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Made in us
Humming Great Unclean One of Nurgle






Veldrain wrote:
 gorgon wrote:
Perhaps the all-time best descriptive marketing line is 'natural'.


Arsenic, in all fairness, is completely natural and hence good for you
It's worse than that; 'natural' has no legally defined definition. You can put it on plastic shrink wrap if you want.
   
Made in au
[MOD]
Making Stuff






Under the couch

Yeah, I worked for a while for a company that sold Xylitol, which was marketed as a 'natural' alternative to sugar. Xylitol, for those who don't know, is indeed made from a compound that occurs naturally in certain plants, but is manufactured through a laboratory process involving several acids and other chemicals to strip the xylitol out of the fibres. Hardly a 'natural' process.

To add to the fun, xylitol made from birch trees was marketed as being superior to the stuff made from corn, despite the process that produces it resulting in them being chemically identical. It would be like extracting, say, pure water from a strawberry, and pure water from a potato, and claiming that the water from the strawberry is somehow 'better' than the other.

Dodgyness all around, and it would have encouraged me to not use the stuff myself even if it didn't give me migraines...

 
   
Made in au
Anti-Armour Swiss Guard






Newcastle, OZ

 insaniak wrote:
'Organic' bottled water also makes me snicker.



"Organic Pure Himalayan pink salt".

Natural salt is WHITE. PURE salt is white. Sodium+chlorine. Pink salt is pink because of iron and other IMPURITIES in it, so cannot by definition be "pure". It's also NOT mined in the Himalayas.

I'm OVER 50 (and so far over everyone's BS, too).
Old enough to know better, young enough to not give a ****.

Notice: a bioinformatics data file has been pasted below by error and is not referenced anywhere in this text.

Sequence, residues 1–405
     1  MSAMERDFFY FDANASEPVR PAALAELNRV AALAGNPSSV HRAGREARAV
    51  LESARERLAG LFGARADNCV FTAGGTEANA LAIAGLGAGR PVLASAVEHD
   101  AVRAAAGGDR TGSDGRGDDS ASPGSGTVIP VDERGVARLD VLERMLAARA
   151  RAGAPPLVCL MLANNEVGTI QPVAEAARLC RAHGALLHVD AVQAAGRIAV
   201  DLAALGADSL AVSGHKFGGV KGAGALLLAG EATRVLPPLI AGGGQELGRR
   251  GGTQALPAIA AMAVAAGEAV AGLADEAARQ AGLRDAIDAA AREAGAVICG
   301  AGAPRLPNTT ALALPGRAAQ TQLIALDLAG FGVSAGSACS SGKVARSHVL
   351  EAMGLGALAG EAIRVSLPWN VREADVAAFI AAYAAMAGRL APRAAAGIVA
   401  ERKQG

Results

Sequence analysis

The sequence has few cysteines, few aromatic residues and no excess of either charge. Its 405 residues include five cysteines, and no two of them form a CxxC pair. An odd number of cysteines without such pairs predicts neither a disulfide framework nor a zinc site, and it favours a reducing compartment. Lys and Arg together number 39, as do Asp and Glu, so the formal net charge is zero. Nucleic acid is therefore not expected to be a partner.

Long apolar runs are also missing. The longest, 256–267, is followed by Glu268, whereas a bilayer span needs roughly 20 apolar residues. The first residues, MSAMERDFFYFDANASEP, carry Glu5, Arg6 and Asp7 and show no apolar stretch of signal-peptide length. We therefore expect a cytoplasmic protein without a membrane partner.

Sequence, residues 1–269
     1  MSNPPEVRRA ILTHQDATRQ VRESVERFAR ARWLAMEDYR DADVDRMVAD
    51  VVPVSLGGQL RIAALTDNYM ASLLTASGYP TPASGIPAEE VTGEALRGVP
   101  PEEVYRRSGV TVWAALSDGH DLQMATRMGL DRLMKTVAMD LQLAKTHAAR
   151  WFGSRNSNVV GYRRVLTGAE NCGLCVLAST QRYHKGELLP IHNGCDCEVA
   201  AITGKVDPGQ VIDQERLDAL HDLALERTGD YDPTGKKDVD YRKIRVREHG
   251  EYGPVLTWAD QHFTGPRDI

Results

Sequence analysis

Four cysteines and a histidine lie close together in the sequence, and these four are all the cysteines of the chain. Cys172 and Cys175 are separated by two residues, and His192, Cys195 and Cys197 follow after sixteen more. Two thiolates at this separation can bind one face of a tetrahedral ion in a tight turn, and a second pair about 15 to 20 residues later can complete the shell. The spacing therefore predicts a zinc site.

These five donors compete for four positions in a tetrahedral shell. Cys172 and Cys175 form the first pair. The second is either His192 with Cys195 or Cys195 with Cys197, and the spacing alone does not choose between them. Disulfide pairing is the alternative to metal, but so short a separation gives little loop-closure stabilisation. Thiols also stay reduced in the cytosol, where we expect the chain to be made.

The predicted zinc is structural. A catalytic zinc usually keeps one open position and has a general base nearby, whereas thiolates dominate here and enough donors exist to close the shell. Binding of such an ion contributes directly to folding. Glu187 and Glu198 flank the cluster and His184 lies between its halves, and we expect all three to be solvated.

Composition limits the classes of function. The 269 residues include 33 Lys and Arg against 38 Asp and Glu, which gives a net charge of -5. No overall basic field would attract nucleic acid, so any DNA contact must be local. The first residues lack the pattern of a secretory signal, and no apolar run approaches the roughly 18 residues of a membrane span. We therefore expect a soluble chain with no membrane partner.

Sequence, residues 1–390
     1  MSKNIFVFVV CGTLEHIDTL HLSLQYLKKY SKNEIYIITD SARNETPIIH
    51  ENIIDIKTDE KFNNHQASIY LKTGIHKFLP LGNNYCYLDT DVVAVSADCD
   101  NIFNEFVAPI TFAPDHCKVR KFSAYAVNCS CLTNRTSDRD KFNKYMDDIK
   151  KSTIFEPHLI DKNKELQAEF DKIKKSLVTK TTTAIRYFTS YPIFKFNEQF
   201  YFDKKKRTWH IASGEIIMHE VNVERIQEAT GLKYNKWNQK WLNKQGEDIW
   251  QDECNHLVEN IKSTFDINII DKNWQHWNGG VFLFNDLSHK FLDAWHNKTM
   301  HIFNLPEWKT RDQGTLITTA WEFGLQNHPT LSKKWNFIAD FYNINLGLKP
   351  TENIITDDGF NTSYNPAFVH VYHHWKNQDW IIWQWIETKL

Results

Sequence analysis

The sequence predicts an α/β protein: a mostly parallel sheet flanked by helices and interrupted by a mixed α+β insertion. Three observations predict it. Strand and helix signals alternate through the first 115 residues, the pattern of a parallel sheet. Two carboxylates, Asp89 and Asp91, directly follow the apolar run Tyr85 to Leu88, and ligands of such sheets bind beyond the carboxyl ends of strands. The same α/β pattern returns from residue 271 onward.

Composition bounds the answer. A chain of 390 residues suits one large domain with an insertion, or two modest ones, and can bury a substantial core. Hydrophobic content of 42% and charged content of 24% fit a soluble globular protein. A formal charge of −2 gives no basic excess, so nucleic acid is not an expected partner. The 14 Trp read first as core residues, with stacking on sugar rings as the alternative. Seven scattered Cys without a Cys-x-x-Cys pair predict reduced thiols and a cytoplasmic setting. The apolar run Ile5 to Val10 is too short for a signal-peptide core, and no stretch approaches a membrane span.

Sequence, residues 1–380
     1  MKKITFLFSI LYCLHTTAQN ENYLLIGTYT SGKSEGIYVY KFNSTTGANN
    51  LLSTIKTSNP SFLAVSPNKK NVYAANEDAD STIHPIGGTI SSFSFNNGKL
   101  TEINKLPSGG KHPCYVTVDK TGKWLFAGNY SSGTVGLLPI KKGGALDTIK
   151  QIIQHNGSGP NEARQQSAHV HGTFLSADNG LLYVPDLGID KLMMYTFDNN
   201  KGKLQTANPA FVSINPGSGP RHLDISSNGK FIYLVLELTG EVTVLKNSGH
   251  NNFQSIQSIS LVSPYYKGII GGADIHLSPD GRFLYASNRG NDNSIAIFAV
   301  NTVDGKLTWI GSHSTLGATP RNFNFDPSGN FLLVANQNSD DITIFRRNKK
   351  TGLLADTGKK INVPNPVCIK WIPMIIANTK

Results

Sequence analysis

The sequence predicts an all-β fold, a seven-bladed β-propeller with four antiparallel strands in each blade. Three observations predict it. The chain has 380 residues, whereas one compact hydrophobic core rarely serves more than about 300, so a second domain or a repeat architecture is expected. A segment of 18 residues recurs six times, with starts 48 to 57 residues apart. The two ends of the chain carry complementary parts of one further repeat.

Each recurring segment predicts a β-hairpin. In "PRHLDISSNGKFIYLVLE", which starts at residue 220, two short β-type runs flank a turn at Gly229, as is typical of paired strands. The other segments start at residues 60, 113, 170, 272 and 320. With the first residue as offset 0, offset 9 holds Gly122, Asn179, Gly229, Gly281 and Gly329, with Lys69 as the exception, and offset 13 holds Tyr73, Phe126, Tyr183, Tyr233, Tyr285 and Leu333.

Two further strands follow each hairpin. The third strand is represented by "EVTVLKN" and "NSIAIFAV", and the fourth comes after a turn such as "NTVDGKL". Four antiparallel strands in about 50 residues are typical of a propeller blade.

That is not dead which can eternal lie ...

... and yet, with strange aeons, even death may die.
 
   
Made in us
Humming Great Unclean One of Nurgle






Back in the day pure salt was a premium, the gold standard of salt. Then there was a process invented to easily make massive amounts of it. Now the tables have turned, with premium salt being the kind with more dirt in it


Automatically Appended Next Post:
 insaniak wrote:
It would be like extracting, say, pure water from a strawberry, and pure water from a potato, and claiming that the water from the strawberry is somehow 'better' than the other.
Sounds like the next stage of homeopathic medicine!

This message was edited 1 time. Last update was at 2021/03/20 03:07:13


 
   
Made in gb
Decrepit Dakkanaut




UK

Homeopathy has evolved since its early days. Those in charge realised that the magical water cure was getting too much fire from science and sanity so they spliced it with herbal remedies. So modern Homeopathic medicine is both a mix of water-magic and herbal - which is very sad because good herbal is real medicine and thus does have real benefits that are scientifically proven. So they've brought in some legitimate along with the illegitimate which lets them keep going.

   
Made in us
[DCM]
DCM User





 gorgon wrote:
Perhaps the all-time best descriptive marketing line is 'natural'.


Especially given that it was only around a couple years ago now that "Big Corn" was able to lobby (re: pay) the USDA enough, or congress, or whomever, to allow foodstuffs sweetened with High Fructose Cornsyrup to be labeled as "natural sweetener"